Biological productivity is elevated in the region as a result of the seasonal upwelling. This results in intense primary production (by diatoms, dinoflagellates and cyanobateria) that in turn influences the production and distribution of fish, thereby playing a critical ecological role for ecosystems in the area. Seamounts are also recognized as sites of relatively higher productivity compared to surrounding areas.


 Biological diversity


Rank: Medium

The proposed EBSA has not yet been comprehensively sampled for biodiversity, however, there is likely a rich diversity associated with the complex bottom topography, as has been found on other seamounts and in other canyons, including both benthic and pelagic assemblages. Of the diversity that is known, there are many crustacean, fish, turtle, and cetacean species that are resident in or migratory through the area. Studies in a proposed area of this EBSA recorded 195 sampled species (of 8 phyla). However, the juvenile stage was not taken into account when quantifying benthic diversity statistics (except for biomass), resulting in a total of 191 species (excluding the juvenile stage).




Rank: High

An assessment of ecological condition based on cumulative pressures within the EBSA showed that 100 % of the benthic and pelagic area is in Good ecological condition, suggesting that the whole EBSA area is (near) pristine (Holness et al., 2014).



ARC (2013). Estudo de Impacte Ambiental do Projecto de Perfuração no Bloco 24. Relatório Preparado para a BP Exploration Angola (Kwanza-Benguela) Limited. Relatório No. LA753. Dezembro de 2013.

Auel, H., Hagen, W., Ekau, W., and Verheye H.M., 2005. Metabolic adaptations and reduced respiration of the copepod Calanoides carinatus during diapause at depth in the Angola-Benguela Front and northern Benguela upwelling region. Afr. J. Mar. Sci., 27(3): 653-657.

Cadee G.C. 1978. Primary production and chlorophyll in the Zaire river, estuary and plume. Neth. J. Sea Res., 12: 368-381.

Carr T. and C. Carr. 1991. Survey of the sea turtles of Angola. Biological Conservation, 58: 19-29.

Drits A.V. E.G. Arashkevitch and T.N. Semenoval. 1992. Pyrosoma atlanticum (Tunicata, Thaliacea). Grazing impact on phytoplankton standing stock and role in organic carbon flux. J. Plankt. Res., 14(6): 799-809.

Ekau W. and H.M. Verheye. 2005. Influence of oceanographic fronts and low oxygen on the distribution of ichthyoplankton in the Benguela and southern Angolan currents. Afr. J. mar Sci., 27(3): 629-639.

Fretey, J. 2001. Biogeography and Conservation of Marine Turtles of the Atlantic Coast of Africa. Biogeographie et conservation des tortues marines de la côte atlantique de l’Afrique. CMS Technical Series Publication No 6, UNEP/CMS Secretariat, Bonn, Germany.

Holligan P.M., P.J. LeB. Williams, D. Purdie and R.P. Harris. 1984. Photosynthesis, respiration and nitrogen supply of plankton populations in stratified, frontal and tidally mixed shelf waters. Mar. Ecol. Prog. Ser., 17: 201-213.

Holness, S., Kirkman, S., Samaai, T., Wolf, T., Sink, K., Majiedt, P., Nsiangango, S., Kainge, P., Kilongo, K., Kathena, J., Harris, L., Lagabrielle, E., Kirchner, C., Chalmers, R., Lombard, M. 2014. Spatial Biodiversity Assessment and Spatial Management, including Marine Protected Areas. Final report for the Benguela Current Commission project BEH 09-01.

INIP. 2013. Environmental Activity and Fishing Resources, Block 19/24. Report of the Angolan Institute of Fisheries Research for BP Oil Company, Luanda January 2013. 50pp.

Johnson, D.E., Barrio Froján, C., Turner, P.J., Weaver, P., Gunn, V., Dunn, D.C., Halpin, P., Bax, N.J., Dunstan, P.K., 2018. Reviewing the EBSA process: Improving on success. Marine Policy 88, 75-85.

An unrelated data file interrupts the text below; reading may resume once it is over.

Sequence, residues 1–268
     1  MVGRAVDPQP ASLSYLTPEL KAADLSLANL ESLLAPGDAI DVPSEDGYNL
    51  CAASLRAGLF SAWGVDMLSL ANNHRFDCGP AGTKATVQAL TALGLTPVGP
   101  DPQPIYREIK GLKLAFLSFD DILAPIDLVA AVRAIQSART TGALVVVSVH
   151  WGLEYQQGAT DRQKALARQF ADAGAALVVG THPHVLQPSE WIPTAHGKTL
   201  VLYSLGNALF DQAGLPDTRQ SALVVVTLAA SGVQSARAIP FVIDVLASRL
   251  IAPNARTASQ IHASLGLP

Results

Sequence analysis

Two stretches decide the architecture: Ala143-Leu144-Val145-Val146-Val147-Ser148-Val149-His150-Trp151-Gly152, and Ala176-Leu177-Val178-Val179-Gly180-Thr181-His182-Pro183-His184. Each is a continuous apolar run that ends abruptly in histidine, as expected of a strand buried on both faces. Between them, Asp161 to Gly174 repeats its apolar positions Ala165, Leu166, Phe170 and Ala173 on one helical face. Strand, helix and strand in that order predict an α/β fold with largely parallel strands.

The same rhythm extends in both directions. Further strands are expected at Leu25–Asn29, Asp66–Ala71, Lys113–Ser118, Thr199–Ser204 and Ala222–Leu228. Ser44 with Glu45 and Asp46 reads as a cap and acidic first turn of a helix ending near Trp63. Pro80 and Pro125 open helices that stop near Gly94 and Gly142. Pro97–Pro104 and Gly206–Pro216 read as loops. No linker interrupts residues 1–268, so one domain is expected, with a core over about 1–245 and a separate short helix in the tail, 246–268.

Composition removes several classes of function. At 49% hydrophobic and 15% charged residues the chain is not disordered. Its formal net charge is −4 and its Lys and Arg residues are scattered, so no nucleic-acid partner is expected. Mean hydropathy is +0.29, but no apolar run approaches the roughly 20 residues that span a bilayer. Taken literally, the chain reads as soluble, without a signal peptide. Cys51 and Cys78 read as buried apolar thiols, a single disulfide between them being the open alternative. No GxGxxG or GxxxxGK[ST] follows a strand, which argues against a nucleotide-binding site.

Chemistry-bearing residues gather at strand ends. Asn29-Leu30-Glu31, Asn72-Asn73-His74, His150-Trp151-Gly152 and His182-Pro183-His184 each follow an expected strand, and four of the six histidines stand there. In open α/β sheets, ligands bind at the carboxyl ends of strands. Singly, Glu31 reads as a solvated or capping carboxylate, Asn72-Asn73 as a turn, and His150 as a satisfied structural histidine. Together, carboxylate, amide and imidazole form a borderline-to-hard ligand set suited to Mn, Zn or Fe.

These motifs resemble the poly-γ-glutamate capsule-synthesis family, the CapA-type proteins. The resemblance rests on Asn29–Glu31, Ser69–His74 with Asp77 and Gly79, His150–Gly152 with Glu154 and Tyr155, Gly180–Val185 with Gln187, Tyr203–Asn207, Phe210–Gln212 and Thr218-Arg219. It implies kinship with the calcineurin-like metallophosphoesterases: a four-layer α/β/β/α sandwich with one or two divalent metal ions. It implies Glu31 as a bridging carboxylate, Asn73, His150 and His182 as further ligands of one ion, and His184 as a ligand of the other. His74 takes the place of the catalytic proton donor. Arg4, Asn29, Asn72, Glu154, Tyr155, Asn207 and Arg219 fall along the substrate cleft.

Joint I.R., N.J.P. Owens and A.J. Pomroy. 1986. Seasonal production of photosynthetic picoplankton and nanoplankton in the Celtic Sea. Mar. Ecol. Prog. Ser., 28(2): 251-258.

Lass HU, M Schmidt, V Morholz, and G Nausch 2000. Hydrographic and current measurements in the area of the Angola-Benguela Front. J. Phys. Oceanogr., 30: 2589-2609.

Moroshkin KV, VA Bunov and RP Bulatov 1970. Water circulation in the eastern South Atlantic Ocean. Oceanology, 10: 27-34.

Meeuwis JM and JRE Lutjeharms, 1990. Surface thermal characteristics of the Angola-Benguela front. S. Afr. J. Mar. Sci., 9: 261-279.

Richardson A.J., H.M. Verheye, V Herbert, C Rogers and L.M. Arendse. 2001. Egg production, somatic growth and productivity of copepods in the Benguela Current system and the Angola-Benguela Front. S. Afr. J. Sci., 97: 251-257.

Sætersdal, G., Bianchi, G., Strømme, T., Venema, S.C., 1999. The DR. FRIDTJOF NANSEN Programme 1975–1993. Investigations of fishery resources in developing countries. History of the programme and review of results. FAO Fisheries Technical Paper. No. T391. Rome, FAO. 434p.

Shannon LV, AJ Boyd, GB Brundrit and J Taunton-Clark 1986. On the existence of an El Nino-type phenomenon in the Benguela system. J. Mar. Res., 44(3): 495-520.

Shannon LV and M O'Toole 1998. Integrated overview of the oceanography and environmental variability of the Benguela Current region. Synthesis and Assessment of information on BCLME. Thematic Report 2. UNDP/GEF (RAF/96/G43). 58pp.

Verheye H.M., W. Hagen, H. Auel, W. Ekau, N. Loick, I Rheenen, P. Wencke and S Jones. 2005. Life strategies, energetics and growth characteristics of Calanoides carinatus (Copepoda) in the Angola-Benguela frontal region. Afr. J. mar. Sci., 27(3): 641-651.

Weir CR, Ron T, Morais M, Duarte ADC. 2007. Nesting and at-sea distribution of marine turtles in Angola, West Africa, 2000–2006: occurrence, threats and conservation implications. Oryx 41: 224-231.

Wysokinski, A. 1986. The living marine resource of the southeast Atlantic. FAO Fish. Tech. Pap., (178) Rev: 120 pp.

Select the icon in the top right corner of the map to view the EBSA delineation in full-screen mode.



EBSA criteria met at a high (red), medium (orange) or low (yellow) rank. 



Download the proposed EBSA description:

icon Ombaca Canyon and Seamount Complex 2018 (541.18 kB)


Download the proposed EBSA boundary:

icon Ombaca Canyon and Seamount Complex KMZ 2018 (9.15 kB)


Download a map of the proposed EBSA:

icon Ombaca Canyon and Seamount Complex 2018 (372.3 kB)